30 review for Discourse on Method and Meditations on First Philosophy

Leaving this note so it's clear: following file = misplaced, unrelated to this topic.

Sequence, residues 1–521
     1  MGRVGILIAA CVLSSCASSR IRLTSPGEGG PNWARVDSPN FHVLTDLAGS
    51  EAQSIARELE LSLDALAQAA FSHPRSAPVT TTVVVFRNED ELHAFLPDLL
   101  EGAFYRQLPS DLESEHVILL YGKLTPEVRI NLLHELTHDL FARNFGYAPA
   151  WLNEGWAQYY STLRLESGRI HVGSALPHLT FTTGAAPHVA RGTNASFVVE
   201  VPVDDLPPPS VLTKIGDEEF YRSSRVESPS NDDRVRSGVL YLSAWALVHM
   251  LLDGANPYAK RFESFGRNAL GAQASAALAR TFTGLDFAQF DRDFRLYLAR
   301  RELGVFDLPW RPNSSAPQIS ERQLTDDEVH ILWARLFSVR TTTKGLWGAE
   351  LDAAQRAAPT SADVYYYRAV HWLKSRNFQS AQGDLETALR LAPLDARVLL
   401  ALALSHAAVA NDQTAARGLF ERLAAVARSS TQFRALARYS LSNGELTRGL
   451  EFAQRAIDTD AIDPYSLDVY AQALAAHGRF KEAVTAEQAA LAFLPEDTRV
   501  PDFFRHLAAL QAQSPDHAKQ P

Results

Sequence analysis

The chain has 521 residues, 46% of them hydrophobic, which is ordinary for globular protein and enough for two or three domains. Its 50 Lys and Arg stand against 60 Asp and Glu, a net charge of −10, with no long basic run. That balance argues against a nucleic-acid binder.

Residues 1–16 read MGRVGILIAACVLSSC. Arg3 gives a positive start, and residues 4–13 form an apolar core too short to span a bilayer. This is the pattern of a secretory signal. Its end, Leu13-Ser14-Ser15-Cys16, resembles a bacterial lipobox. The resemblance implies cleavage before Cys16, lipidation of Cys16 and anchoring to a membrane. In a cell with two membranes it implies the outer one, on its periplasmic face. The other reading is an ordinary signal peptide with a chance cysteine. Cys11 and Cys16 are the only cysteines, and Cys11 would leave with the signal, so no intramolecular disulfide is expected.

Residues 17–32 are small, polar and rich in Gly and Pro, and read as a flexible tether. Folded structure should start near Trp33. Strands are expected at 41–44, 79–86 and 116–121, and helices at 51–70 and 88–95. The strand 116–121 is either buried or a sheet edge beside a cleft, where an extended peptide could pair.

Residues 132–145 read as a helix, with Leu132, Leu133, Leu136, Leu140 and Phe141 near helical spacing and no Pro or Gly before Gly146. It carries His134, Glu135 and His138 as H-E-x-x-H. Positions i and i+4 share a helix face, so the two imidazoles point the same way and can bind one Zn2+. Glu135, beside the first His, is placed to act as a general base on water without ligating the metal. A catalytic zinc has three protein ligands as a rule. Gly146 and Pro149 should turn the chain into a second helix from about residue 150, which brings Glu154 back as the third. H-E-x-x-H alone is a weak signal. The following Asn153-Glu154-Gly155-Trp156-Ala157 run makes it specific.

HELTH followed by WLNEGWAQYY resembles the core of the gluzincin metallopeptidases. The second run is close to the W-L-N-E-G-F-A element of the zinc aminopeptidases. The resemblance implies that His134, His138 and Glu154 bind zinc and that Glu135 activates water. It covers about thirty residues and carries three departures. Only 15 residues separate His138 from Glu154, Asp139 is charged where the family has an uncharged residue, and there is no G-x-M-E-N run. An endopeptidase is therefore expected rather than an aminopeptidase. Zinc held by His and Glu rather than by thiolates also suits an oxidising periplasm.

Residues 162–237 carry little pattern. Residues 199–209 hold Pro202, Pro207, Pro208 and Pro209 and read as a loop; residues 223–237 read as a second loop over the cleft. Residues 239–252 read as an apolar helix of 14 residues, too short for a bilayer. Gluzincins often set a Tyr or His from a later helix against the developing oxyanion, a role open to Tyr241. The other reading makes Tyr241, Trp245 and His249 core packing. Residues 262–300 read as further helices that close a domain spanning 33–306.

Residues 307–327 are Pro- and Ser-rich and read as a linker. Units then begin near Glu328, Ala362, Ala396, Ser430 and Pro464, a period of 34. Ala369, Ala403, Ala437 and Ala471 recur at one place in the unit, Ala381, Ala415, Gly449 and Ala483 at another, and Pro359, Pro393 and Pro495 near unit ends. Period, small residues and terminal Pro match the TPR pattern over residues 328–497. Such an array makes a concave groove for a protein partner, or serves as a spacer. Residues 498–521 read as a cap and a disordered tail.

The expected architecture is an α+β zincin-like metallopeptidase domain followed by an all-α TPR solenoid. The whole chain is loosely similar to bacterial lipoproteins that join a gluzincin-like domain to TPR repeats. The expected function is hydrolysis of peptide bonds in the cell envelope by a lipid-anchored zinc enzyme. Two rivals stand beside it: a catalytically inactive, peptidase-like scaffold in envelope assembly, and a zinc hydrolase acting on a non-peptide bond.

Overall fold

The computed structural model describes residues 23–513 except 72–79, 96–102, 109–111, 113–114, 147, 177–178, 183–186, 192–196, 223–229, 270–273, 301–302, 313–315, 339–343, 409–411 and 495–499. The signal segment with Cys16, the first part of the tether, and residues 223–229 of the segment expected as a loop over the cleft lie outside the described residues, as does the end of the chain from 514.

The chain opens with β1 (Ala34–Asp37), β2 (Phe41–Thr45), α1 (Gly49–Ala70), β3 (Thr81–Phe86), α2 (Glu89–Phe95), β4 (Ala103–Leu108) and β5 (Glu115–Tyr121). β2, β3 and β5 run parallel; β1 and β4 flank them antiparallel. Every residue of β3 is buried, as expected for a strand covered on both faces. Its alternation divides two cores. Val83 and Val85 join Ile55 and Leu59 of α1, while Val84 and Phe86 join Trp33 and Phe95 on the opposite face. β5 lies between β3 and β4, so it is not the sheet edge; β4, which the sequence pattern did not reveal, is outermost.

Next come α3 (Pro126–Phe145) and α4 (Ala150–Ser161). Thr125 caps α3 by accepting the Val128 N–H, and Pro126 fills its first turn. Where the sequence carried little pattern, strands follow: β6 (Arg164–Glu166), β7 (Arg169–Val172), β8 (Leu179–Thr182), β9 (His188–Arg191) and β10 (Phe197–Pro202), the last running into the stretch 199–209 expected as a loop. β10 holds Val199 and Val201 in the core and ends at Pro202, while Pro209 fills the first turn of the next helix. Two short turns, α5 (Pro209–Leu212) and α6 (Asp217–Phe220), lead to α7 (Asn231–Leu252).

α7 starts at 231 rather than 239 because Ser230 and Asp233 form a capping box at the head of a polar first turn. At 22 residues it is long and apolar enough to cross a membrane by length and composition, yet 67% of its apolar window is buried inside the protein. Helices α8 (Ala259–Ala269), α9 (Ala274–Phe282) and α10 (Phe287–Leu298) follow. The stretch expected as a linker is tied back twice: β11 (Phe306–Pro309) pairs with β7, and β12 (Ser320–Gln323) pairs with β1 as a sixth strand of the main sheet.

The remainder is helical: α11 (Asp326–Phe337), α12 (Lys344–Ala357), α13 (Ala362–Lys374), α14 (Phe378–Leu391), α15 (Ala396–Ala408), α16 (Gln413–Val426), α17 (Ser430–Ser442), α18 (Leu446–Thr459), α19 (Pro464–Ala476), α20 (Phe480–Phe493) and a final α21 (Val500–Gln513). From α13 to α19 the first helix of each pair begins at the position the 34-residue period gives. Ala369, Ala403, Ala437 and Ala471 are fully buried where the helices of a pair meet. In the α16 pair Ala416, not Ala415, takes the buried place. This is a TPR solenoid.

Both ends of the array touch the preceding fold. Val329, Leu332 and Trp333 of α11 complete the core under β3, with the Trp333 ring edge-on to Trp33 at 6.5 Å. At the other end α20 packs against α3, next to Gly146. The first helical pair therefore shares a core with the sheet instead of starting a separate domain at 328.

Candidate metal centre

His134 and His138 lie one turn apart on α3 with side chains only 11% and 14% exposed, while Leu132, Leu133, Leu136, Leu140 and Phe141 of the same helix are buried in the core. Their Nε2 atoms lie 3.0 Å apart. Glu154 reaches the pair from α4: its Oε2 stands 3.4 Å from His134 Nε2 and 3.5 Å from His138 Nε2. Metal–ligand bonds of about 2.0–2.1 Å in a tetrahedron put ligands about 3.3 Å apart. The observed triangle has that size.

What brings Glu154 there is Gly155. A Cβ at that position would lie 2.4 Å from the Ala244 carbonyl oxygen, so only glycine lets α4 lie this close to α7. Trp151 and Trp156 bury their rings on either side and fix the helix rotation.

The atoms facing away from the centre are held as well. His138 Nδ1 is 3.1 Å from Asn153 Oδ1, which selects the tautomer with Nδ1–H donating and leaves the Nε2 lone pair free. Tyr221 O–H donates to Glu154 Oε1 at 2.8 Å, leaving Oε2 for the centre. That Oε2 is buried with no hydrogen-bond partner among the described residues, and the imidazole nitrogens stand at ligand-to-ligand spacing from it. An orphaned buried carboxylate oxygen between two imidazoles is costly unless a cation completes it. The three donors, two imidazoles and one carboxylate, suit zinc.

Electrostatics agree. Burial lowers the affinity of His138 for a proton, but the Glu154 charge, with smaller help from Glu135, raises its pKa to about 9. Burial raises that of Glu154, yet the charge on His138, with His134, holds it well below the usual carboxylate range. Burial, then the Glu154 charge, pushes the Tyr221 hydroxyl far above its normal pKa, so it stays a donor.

1. 5 out of 5

    Stephen